I sat down to write at least a dozen blogs last year and always stopped. Do you have any idea how hard it is to write ANYTHING without offending SOMEONE?!  Imagine opening your thoughts up to your entire extended family of sort-of-in-laws. Its a scary prospect. More so because I want them to like me and respect me. This isn't a scenario of "they should accept me the way I am!" but more one of me deliberately showing respect. For example: My mother and I are pretty frank with one another. She doesn't love movies full of gratuitous F words and graphic sexuality. If I'm watching one, and she's over, I give her a warning. She may or may not stick around to check it out. We watched the whole series of Nip/Tuck and Breaking Bad together. I would say my Mom falls between a stiff PG-13 and R most of the time. Never NC-17. Steven's Dad, on the other hand, will change the channel off network TV like Grey's Anatomy and The Simpsons. He has very strong opinions about contemporary media and secular society. He's a G rating kind of guy, with occasional light PG stuff thrown in from time to time. Just his preference. He watched part of a Family Guy recently and was genuinely disturbed about the state of our world (It was the episode where Stewey kills Lois.. in all fairness, a pretty graphic episode to start with!). Steven and I run a stiff R rated household. Pushing NC-17. We speak frankly, are not easily offended and watch a broad spectrum of entertainment. I've grown accustomed to changing television channels from Comedy Central and curtailing my otherwise colorful mouth when visiting with family. And don't mind doing so, one bit.

The problem though, is that at times being under the familial microscope is challenging to balance. I have always been a writer, I have always enjoyed blogging. I do not write an always-family-friendly blog. And while I can talk about home remedies, baby constipation and coupons with the best of 'em these days.. I need to be able to write freely here or not do it at all.

Going forward in 2014 it needs to be understood that this blog, and anything written here, is never meant to offend. If you are easily offended or especially sensitive, you probably shouldn't read. If you're looking for a reason to dislike me or find flaw in my personality; you'll get it on these pages. The biggest mistake people make with me is trying to "read between the lines". Don't. I'm not making innuendo or hinting at anything. I say what I mean, sometimes without thinking it through entirely first. If you can't let that roll off your back and still have affection for me, you should really not read anything I write here. Ever. This is my disclaimer for 2014. I'll come up with a condensed version for potentially offensive topics to come.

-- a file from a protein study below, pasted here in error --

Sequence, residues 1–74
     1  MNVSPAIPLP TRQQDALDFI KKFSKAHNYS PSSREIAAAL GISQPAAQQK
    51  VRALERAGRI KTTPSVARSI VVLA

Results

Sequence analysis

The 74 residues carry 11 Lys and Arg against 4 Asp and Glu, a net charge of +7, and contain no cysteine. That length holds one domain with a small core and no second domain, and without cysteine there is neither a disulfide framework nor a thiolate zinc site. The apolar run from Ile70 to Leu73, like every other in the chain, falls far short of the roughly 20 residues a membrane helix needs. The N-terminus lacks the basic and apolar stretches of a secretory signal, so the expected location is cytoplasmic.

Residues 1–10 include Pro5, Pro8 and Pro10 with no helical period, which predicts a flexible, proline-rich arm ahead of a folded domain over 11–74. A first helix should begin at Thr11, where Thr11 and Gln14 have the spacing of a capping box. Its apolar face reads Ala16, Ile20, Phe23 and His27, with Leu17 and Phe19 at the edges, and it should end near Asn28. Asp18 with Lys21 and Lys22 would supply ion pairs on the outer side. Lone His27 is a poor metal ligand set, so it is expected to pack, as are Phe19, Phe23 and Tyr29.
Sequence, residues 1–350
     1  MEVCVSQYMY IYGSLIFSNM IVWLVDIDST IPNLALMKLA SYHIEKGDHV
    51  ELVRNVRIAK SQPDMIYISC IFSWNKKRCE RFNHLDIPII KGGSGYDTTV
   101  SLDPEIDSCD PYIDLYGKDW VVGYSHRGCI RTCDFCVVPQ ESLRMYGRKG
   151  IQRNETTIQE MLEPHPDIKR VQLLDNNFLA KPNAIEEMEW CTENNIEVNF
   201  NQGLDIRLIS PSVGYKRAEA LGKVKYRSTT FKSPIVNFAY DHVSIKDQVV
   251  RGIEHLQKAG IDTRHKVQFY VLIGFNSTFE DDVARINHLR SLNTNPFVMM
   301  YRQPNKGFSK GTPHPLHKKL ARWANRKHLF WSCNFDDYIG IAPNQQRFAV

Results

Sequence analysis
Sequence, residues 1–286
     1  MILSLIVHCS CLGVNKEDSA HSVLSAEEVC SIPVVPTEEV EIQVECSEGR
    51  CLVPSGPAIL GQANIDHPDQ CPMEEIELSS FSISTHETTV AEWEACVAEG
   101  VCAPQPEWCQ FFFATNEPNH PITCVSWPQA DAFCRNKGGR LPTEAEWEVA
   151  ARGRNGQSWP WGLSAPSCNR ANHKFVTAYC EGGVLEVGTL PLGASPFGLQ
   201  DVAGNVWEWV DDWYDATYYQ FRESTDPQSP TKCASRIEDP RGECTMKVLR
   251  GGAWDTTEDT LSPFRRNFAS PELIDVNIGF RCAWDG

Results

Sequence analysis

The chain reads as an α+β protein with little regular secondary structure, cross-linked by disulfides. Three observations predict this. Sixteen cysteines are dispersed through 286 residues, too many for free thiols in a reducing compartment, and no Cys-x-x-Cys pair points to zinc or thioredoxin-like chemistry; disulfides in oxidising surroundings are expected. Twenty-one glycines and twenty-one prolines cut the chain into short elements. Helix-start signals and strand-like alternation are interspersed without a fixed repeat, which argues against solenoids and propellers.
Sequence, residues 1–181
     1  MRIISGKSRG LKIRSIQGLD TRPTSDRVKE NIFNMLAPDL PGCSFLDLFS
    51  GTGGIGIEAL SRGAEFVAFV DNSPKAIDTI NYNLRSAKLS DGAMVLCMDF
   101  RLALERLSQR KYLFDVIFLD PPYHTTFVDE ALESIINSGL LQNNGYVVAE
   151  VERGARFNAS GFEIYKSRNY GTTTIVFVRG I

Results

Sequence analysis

Onward to resolutions!

I like to think my resolutions actually hold a bit of water in the credibility department. Over the last four years I have met or exceeded every resolution I made, including quitting smoking and remaining a non-smoker (second only in difficulty to the standard weight loss resolutions).

I'd be happy with somewhere right in the middle.

This year I have a few. I've spent the last month preparing to begin living my resolutions.

1. I want to lose 80 pounds. This sound huge, I know. It really isn't. I still have 45 pounds of pregnancy weight to lose, and beyond that I'd like to be a bit under weight or rather, about 20 pounds under my "ideal". Steven and I would like to try to have another baby in 2015 and I want the weight gain to be more tolerable on both my heart and brain. (The only exception to this resolution would be in the event of another birth-control mishap. But we're hoping to avoid that!).

In order to prepare for this goal I have purchased the supplements I like to use (Not weight loss supplements per se.. more like vitamin B12 and bulk fiber additives, etc). I have new walking shoes. I bought a scale (something I haven't owed in years). I prepare 60% of my meals at home anyway but would like to bring this to about 90%.

I'm not going to be a fruit loop about food.. I'm just going to focus on adding activity and cutting back, not making myself crazy with limitations. I'm using the LOSEIT! App, (It's free). If you'd like to use the same app to reach your goals, message me and I'll add you as a friend.. we can work out together. Sort of. :)

Aside from feeling better and prettier, I am trying to reduce my high blood pressure naturally and reduce my risk of diabetes later in life (I had gestational diabetes which makes me very likely to develop it otherwise).

2. I will write 100 blog posts in 2014. This is right around 2 a week. This will be about 97 more than I wrote in 2013. ;) This one counts. Only 99 to go! :)

3. I will continue to not smoke, remaining smoke free in 2014. (Sometimes, its a struggle still!).

Feel free to share your new years resolutions so I may cheer you on as well. :)

On another note:

Steven and I are all set to deal at the Beau Rivage at the Million Dollar Heater starting Jan. 3rd. There are two $500,000 guarantees and I think the turn out will be excellent. I'm looking forward to seeing  some familiar faces. Get information on the event at

Next Blog will talk about an upcoming poker cruise to Belize (Oct. 2014) we're looking at doing, and an update on the little girl so many of you helped me sponsor for Christmas.